There are some simple steps you can take to make sure content on your network pages is easy to read and engaging. Following the guidelines below will also help search engines “read” the IOSH website and favour us more highly in search results.
- When writing content, it’s helpful to put yourself in the user’s shoes and think about what they expect and need from your network pages.
- Remember, not all users will be members of your network. Some might simply be interested in joining your network, or need information relating to your sector
- Make sure content is concise and has a clear purpose. Users don’t want to read through large amounts of text and will leave a page quickly if they are not engaged
- If you do need to include large amounts of text, clear headers can help split up the information
- Bullet points can help make information easier to read and process
- Write in plain English, don’t use over complicated language.
Download our Digital content guidelines for further guidance on writing for the web.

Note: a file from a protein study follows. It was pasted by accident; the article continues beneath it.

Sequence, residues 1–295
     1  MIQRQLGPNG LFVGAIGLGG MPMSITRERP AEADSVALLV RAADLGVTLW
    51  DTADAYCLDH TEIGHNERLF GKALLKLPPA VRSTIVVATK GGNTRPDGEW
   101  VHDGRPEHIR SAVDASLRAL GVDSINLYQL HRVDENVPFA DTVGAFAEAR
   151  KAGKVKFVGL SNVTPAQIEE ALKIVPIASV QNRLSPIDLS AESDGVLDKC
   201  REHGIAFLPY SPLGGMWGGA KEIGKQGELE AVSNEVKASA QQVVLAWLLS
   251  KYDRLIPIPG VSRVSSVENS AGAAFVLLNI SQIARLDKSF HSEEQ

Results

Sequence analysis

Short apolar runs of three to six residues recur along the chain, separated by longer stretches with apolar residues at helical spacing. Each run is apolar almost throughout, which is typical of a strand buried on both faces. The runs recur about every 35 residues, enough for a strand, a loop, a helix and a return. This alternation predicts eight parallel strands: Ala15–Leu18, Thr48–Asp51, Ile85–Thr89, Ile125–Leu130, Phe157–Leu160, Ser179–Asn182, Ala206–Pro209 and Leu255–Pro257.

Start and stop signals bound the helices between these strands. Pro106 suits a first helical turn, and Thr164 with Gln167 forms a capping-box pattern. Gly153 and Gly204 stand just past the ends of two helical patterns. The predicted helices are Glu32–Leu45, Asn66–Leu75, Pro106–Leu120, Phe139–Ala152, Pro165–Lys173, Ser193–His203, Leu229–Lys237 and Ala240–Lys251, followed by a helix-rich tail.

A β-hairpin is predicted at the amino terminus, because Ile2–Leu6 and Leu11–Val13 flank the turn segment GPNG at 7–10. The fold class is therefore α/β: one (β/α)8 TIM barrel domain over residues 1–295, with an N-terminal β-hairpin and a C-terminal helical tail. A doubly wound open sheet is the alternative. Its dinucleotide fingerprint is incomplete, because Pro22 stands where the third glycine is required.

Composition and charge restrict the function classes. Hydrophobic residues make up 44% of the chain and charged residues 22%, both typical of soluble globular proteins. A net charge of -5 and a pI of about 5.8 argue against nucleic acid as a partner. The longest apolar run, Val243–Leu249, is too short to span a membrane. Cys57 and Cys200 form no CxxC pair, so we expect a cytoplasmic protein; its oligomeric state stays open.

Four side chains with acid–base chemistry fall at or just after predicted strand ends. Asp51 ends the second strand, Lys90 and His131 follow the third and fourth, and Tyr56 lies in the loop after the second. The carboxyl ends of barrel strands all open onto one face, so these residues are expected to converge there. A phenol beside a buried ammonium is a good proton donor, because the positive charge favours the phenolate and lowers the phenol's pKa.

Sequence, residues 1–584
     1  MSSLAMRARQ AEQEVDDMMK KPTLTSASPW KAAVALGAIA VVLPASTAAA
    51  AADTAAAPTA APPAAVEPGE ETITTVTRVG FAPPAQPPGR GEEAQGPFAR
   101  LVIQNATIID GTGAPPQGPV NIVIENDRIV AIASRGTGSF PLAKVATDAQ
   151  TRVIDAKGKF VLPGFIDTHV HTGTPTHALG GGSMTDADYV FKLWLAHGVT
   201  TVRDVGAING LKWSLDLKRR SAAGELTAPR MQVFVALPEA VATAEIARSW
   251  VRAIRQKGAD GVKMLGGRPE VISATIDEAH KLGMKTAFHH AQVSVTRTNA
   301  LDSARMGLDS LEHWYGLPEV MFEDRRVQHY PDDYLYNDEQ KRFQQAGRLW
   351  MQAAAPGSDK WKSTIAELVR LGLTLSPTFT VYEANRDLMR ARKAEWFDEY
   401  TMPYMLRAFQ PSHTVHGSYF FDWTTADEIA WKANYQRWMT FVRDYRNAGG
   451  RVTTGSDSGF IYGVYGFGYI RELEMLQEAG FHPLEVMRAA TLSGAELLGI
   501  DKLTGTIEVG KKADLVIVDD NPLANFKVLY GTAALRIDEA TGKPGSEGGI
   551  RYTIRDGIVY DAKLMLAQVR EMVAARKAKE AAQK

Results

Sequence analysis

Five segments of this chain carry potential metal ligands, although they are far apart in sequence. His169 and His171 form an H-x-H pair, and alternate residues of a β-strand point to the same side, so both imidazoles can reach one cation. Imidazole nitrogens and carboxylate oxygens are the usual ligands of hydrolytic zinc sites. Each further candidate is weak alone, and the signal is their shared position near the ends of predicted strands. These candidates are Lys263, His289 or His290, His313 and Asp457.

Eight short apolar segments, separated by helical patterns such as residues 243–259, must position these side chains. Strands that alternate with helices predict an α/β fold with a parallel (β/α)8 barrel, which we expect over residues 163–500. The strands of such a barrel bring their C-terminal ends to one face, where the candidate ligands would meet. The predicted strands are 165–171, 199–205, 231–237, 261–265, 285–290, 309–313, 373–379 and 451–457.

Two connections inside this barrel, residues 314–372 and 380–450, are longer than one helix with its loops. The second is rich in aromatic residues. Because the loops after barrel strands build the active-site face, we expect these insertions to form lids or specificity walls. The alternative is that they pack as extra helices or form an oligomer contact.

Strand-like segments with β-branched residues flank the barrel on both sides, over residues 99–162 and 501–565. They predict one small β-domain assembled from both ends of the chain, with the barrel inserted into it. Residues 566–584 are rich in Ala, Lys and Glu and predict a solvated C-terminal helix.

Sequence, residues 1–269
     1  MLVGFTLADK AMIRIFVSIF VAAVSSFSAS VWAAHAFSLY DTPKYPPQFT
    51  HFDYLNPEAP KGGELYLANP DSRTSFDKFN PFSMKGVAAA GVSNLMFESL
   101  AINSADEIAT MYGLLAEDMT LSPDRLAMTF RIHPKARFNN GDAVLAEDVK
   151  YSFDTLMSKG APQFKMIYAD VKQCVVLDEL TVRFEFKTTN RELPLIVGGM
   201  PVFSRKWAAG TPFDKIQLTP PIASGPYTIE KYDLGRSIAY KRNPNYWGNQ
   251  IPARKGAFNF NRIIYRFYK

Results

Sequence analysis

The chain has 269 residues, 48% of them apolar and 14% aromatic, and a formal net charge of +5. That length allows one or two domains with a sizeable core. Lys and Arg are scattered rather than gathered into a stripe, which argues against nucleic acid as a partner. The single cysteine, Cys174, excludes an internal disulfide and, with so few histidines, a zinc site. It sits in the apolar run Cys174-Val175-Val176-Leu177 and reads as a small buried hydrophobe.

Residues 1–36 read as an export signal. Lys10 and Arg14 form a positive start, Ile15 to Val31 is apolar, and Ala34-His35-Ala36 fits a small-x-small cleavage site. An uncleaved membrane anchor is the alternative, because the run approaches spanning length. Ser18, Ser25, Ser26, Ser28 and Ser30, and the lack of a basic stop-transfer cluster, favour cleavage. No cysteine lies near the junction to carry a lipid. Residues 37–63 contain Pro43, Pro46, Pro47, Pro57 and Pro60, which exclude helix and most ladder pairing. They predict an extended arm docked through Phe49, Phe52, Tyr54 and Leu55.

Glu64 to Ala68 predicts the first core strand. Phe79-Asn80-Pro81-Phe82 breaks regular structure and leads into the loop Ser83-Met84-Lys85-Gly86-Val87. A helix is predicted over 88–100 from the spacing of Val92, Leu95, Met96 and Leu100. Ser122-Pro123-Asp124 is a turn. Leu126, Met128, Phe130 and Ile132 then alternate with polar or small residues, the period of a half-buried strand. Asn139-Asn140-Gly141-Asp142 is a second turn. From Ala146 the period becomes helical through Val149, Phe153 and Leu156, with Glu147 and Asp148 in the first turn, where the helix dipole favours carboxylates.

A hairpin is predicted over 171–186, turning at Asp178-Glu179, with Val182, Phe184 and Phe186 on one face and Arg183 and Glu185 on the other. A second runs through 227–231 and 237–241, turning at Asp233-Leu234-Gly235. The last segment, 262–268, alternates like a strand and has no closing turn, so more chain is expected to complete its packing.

Hyperlinks, or links, should add value to the content on the page. It should also be obvious to the user where the link will take them. Avoid phrases such as “click here” or “go to”. Instead, your link should be behind a meaningful phrase, such as “Download the presentation” or “Visit the conference website”.
Formatting links in this way will also help visitors with sight difficulties who use software such as a screen reader.
Too many pages can be difficult to navigate. Regularly archiving or removing content will help stop your network pages from becoming too big, and will ensure that out of date or irrelevant information is taken out of the public domain.
If you are adding images to your network pages, they should be high quality images. They should not be blurry, and should be a suitable size. It’s easier for us to make an image smaller than make it bigger.
To avoid copyright issues, you should avoid sourcing images through Google. You should make sure you have the permission to publish the image, which should not be a problem for photos of network events or committee photos, for example, so long as those in the photo have given their consent. There may be legal repercussions for IOSH if we publish images we do not have the right to use. We may query where a photo has come from or suggest an alternative image if we are concerned about the image supplied.
If you would like help sourcing an image, for an event brochure for example, our Design team will be able to help find a suitable image. Please contact your Regional Manager (branches) or Relationship Manager (groups) for further support.